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PATENTS : NEW SEED PATENT CONTESTED.

"Free the pepper!" was the war cry of a European coalition formed to fight the authorisation by the European Patent Office (EPO) last May of a patent for a variety of whitefly-resistant Jamaican pepper. Thirty-four organisations therefore joined forces, on 3 February, to call for the patent to be annulled.

The patent for the Jamaican pepper was granted to Syngenta, a Swiss multinational, which controls 9% of the global seed market. The coalition considers that the EPO should not have awarded exclusive rights to something that does not constitute an invention, since this variety already exists in nature and is derived from essentially organic processes "which are not patentable under Article 53b of the convention on the European patent," emphasises a declaration by Berne, which coordinated the coalition. This variety of Jamaican pepper is, at best, a discovery, Berne says.

Moreover, others who oppose the patent have highlighted that it poses an ethical problem: indigenous vegetable varieties, such as this pepper, belong to the universal heritage, and Jamaica will not benefit from the marketing of Syngenta peppers. The patentability of such seeds, by forbidding their use by gardeners and farmers in the 38 member countries of the convention establishing the EPO, reduces biodiversity and threatens food security, they say. The three largest seed companies - Monsanto, DuPont and Syngenta - control more than 50% of the international seed market and hold numerous patents for seeds.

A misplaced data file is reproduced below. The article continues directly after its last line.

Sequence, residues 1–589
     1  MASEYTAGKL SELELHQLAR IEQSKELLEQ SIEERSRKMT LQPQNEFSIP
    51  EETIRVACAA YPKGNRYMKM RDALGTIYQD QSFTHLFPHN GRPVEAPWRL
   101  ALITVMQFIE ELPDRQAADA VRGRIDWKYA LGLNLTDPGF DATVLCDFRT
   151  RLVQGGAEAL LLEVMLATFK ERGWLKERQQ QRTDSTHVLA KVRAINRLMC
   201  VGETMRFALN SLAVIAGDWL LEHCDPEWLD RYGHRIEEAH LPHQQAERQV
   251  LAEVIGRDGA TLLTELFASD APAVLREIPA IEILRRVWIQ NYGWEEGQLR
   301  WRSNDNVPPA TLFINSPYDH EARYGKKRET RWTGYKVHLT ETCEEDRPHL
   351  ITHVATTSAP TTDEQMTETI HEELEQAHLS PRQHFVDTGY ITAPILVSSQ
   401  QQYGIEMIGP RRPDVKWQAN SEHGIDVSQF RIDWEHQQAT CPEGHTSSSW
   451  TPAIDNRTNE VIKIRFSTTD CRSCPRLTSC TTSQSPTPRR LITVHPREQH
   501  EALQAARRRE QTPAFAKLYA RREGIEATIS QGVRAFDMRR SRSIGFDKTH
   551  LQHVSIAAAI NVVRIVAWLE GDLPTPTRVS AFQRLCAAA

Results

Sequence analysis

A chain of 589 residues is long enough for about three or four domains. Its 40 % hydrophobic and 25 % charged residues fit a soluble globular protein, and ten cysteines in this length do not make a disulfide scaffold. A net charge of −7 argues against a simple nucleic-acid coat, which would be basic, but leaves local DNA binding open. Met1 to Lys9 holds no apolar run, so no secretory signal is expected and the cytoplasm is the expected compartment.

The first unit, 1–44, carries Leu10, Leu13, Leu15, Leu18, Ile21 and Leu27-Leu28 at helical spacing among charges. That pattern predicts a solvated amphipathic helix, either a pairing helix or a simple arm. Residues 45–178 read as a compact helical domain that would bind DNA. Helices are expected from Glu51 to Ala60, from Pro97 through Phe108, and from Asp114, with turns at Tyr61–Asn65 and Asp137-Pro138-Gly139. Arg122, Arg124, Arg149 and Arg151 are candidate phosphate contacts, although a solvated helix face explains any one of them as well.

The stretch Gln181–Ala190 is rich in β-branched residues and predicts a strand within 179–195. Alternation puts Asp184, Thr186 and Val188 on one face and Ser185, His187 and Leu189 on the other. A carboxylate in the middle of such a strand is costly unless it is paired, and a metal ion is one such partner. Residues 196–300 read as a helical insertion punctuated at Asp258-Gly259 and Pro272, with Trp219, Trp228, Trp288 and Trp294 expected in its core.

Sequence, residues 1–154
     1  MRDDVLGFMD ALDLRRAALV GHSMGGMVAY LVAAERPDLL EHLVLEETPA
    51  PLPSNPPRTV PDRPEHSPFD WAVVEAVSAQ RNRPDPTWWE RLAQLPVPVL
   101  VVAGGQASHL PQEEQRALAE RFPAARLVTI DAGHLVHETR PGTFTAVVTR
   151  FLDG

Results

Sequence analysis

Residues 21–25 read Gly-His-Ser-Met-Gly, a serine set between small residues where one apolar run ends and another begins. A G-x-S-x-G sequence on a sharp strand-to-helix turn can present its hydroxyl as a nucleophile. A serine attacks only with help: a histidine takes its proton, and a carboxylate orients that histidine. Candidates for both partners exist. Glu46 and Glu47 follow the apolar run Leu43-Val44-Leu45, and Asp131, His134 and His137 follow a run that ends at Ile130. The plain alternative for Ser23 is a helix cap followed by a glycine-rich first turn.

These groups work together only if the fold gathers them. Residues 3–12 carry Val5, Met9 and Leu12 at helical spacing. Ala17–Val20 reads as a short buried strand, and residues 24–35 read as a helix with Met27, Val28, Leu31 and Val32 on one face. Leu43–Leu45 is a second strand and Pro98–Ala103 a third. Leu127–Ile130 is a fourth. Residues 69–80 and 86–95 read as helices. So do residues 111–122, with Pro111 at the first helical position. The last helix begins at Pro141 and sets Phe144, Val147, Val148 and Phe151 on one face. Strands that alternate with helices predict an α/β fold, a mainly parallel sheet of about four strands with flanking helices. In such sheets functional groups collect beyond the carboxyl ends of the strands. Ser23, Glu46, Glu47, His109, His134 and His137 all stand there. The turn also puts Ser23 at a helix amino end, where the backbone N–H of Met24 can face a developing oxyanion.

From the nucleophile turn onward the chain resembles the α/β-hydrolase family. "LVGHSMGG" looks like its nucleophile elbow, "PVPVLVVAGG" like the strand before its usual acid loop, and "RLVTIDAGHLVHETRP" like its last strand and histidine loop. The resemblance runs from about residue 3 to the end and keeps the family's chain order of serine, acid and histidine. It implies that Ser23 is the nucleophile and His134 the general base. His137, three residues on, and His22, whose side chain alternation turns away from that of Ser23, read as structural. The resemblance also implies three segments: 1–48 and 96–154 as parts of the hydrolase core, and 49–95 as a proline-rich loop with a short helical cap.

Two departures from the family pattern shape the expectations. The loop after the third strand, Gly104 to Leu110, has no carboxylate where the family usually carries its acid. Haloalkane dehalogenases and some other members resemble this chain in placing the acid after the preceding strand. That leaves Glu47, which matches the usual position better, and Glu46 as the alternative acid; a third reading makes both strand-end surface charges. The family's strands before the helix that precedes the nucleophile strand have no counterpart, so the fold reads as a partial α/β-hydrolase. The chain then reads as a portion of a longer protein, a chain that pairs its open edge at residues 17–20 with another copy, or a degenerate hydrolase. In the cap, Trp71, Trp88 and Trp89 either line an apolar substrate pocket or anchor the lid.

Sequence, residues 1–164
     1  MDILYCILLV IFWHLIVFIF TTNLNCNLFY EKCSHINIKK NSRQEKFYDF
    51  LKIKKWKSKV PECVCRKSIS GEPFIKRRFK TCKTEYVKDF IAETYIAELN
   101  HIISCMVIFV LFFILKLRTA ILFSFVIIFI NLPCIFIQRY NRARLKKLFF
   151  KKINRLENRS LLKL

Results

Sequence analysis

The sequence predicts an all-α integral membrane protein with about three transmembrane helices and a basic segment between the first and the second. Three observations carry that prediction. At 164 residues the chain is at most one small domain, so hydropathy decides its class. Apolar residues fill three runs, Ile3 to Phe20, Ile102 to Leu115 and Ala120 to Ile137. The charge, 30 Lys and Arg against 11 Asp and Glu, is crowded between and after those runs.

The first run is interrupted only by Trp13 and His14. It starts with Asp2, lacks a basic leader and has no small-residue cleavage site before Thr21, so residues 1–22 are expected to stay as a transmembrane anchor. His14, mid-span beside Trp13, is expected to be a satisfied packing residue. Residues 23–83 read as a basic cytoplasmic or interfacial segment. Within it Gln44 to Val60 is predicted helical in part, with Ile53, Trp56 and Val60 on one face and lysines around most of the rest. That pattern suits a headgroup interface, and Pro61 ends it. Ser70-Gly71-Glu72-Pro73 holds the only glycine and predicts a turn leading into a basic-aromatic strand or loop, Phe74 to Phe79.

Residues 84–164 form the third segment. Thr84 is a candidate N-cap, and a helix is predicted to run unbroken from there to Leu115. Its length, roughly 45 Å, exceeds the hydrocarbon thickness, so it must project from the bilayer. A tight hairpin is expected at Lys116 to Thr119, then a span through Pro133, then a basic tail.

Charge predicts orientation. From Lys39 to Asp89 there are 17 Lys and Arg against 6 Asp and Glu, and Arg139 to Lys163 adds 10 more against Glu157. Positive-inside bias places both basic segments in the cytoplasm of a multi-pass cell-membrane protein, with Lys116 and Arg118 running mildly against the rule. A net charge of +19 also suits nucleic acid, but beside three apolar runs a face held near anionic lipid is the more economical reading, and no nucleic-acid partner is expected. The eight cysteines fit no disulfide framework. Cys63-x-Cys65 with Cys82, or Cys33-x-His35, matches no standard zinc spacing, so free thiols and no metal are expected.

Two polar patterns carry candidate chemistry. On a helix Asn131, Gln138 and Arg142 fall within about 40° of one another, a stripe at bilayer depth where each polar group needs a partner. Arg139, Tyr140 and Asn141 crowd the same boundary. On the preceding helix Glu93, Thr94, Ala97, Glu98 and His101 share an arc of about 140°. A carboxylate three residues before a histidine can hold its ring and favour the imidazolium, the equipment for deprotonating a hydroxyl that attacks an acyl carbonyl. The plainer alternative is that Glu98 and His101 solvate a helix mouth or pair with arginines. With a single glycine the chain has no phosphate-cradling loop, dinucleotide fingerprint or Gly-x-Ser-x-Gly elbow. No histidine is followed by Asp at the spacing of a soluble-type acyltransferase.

"The patent only concerns genetics which are particular to our invention," Syngenta has responded. "The original biomaterials remain available for use by other growers."

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Publication:Europe Environment
Date:Mar 21, 2014
Words:257
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